Presumptive Democratic presidential nominee Joe Biden said Friday that Senate Republicans are “so damn stupid” for not passing a $3 trillion coronavirus bill approved last month by House Democrats.
The 1,800-page Democratic package was derided by Republicans as a “messaging bill” because it was unilaterally drafted, unlike four prior coronavirus packages that were the result of lengthy negotiations.
“It passed through the House,” Biden said. “Get state and local governments the funding they need to keep millions of people on the job. Because, here’s the — they’re so damn stupid, darn stupid. If you don’t have people on the job dealing with controlling the virus, then it’s just going to get worse.”
The former vice president’s remarks to members of the American Federation of State, County and Municipal Employees (AFSCME) were first reported by The Hill.
“[House Speaker] Nancy Pelosi and the Democrats have been pushing hard as hell to fund local communities,” Biden said. “The fact of the matter is that every town you work in … they have a budget and they cannot deficit spend. The only operation in the world that can do that is the federal government.”
Some Democrats acknowledged that the bill, which passed in May, was merely an opening pitch for negotiations. The bill would give nearly $1 trillion to state and local governments, create a $200 billion “heroes fund” with hazard pay for medical workers, allocate $175 billion to rent and mortgage aid and spend $75 billion on virus testing and contact tracing.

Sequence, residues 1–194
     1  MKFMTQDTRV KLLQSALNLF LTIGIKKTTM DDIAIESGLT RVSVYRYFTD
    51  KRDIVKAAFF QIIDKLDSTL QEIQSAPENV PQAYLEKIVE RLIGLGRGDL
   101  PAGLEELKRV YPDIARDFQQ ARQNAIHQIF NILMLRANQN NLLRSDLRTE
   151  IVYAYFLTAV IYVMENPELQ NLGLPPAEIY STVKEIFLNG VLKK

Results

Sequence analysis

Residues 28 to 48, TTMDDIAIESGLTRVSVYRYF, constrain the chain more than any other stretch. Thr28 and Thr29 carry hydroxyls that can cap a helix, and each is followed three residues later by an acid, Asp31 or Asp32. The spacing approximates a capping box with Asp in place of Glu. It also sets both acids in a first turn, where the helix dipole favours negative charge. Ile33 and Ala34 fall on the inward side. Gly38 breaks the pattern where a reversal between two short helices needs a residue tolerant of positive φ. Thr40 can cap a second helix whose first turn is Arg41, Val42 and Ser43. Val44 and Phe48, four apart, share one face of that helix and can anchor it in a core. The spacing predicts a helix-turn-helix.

The bill also would authorize another round of stimulus checks up to $1,200 and extend the $600-per-week federal boost in unemployment insurance payments through January 2021. The boost currently runs through July.
White House officials expect to begin negotiating on the next coronavirus package in July.
Senate Majority Leader Mitch McConnell (R-Ky.) is pushing for legislation that includes liability protection as companies reopen from the pandemic that’s sickened more than 2 million Americans and killed more than 114,000.
President Trump wants legislation that includes a temporary payroll tax cut to stimulate the economy, and some Republicans oppose extending a boost in unemployment pay, saying that would incentivize people not to work.
After passing the fourth major coronavirus package in March, Republicans said they wanted to pause for reflection and criticized proposed state bailouts. A $670 billion small-business loan program exhausted funds more slowly than anticipated and a stock market rebound coupled with declining unemployment eased pressure to pass another bill.